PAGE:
The $20 million being set aside for housing comes from money the legislature last year put into State Aid Funding for Emergencies or SAFE: $200 million to recover from tornadoes in the west and $213 million after floods in the mountains. The newly-approved legislation taps the funds for $10 million each to be spent in the respective regions.
The housing provisions — added to House Bills 448 and 360 and finalized behind closed doors in free conference committees — create an 11-member Rural Housing Trust Fund Advisory Committee with the state agriculture commissioner as its presiding officer.
The Rural Housing Trust Fund would be housed in the Kentucky Housing Corporation and could receive state and federal money, grants and gifts. The fund can be used to makes loans or grants for acquisition, construction or rehabilitation of rural housing units in areas impacted by the tornadoes and floods.
The Senate added a provision replacing the lieutenant governor with the commissioner of agriculture on the Kentucky Housing Corp.’s board of directions.
Gov. Andy Beshear is expected to sign the legislation.
McConnell says $300 million coming from feds
Ten Eastern Kentucky counties also are in line for $300 million in federal assistance through a HUD disaster-assistance program, McConnell announced this week.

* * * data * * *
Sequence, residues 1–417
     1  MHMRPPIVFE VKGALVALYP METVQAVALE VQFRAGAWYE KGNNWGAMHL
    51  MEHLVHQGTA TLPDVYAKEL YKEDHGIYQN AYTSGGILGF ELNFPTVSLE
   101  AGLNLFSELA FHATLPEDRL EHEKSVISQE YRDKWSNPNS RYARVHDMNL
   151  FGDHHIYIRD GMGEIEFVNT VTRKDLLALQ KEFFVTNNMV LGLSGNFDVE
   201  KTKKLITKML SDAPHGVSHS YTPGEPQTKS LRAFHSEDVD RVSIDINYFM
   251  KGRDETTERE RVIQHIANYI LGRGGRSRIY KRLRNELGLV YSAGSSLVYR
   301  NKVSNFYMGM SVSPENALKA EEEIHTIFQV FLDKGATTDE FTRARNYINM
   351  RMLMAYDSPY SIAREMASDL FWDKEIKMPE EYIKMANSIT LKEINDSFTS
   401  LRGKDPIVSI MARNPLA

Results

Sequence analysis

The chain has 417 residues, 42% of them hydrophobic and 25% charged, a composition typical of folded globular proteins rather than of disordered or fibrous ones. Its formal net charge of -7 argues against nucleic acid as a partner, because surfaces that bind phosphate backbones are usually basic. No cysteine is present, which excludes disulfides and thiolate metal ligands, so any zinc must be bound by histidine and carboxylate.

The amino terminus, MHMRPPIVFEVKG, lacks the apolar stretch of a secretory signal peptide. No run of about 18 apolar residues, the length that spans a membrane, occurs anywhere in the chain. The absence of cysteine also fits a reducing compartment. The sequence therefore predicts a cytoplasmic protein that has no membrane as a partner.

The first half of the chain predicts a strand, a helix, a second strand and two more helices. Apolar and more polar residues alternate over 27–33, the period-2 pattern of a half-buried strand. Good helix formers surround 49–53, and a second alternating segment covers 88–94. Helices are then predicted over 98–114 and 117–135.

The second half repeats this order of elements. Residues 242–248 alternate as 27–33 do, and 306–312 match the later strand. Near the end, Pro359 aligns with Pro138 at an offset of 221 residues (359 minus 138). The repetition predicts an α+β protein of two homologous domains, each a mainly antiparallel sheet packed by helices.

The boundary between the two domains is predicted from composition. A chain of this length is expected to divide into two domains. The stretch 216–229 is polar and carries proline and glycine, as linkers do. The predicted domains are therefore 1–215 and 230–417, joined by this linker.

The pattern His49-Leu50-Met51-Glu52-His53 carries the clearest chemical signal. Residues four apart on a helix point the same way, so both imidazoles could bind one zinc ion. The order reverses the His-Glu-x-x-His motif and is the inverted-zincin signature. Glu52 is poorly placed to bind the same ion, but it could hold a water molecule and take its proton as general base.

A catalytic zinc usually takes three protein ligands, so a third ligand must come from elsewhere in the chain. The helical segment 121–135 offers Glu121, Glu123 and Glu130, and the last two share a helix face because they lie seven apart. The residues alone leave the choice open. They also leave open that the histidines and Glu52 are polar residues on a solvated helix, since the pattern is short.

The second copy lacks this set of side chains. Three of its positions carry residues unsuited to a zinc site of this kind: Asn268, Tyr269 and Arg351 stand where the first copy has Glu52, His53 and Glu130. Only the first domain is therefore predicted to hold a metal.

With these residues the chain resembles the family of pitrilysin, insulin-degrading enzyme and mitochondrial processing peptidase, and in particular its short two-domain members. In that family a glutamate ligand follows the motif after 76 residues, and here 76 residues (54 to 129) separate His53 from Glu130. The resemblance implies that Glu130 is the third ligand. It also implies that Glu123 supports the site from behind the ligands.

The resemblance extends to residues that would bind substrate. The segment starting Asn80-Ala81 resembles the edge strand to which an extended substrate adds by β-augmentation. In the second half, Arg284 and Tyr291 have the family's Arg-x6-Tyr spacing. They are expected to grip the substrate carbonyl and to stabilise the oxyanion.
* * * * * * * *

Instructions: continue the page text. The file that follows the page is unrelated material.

The Community Development Block Grant-Disaster Recovery program provides flexible funds for long-term recovery in communities affected by natural disasters, according to McConnell’s office. The money can be used for a variety of purposes, including helping local governments cover their cost share of federal disaster recovery programs from other agencies, such as the Federal Emergency Management Agency (FEMA), the U.S. Army Corps of Engineers, the Environmental Protection Agency and the Federal Highway Administration. Communities can also use these funds to address their unique housing needs and promote economic development.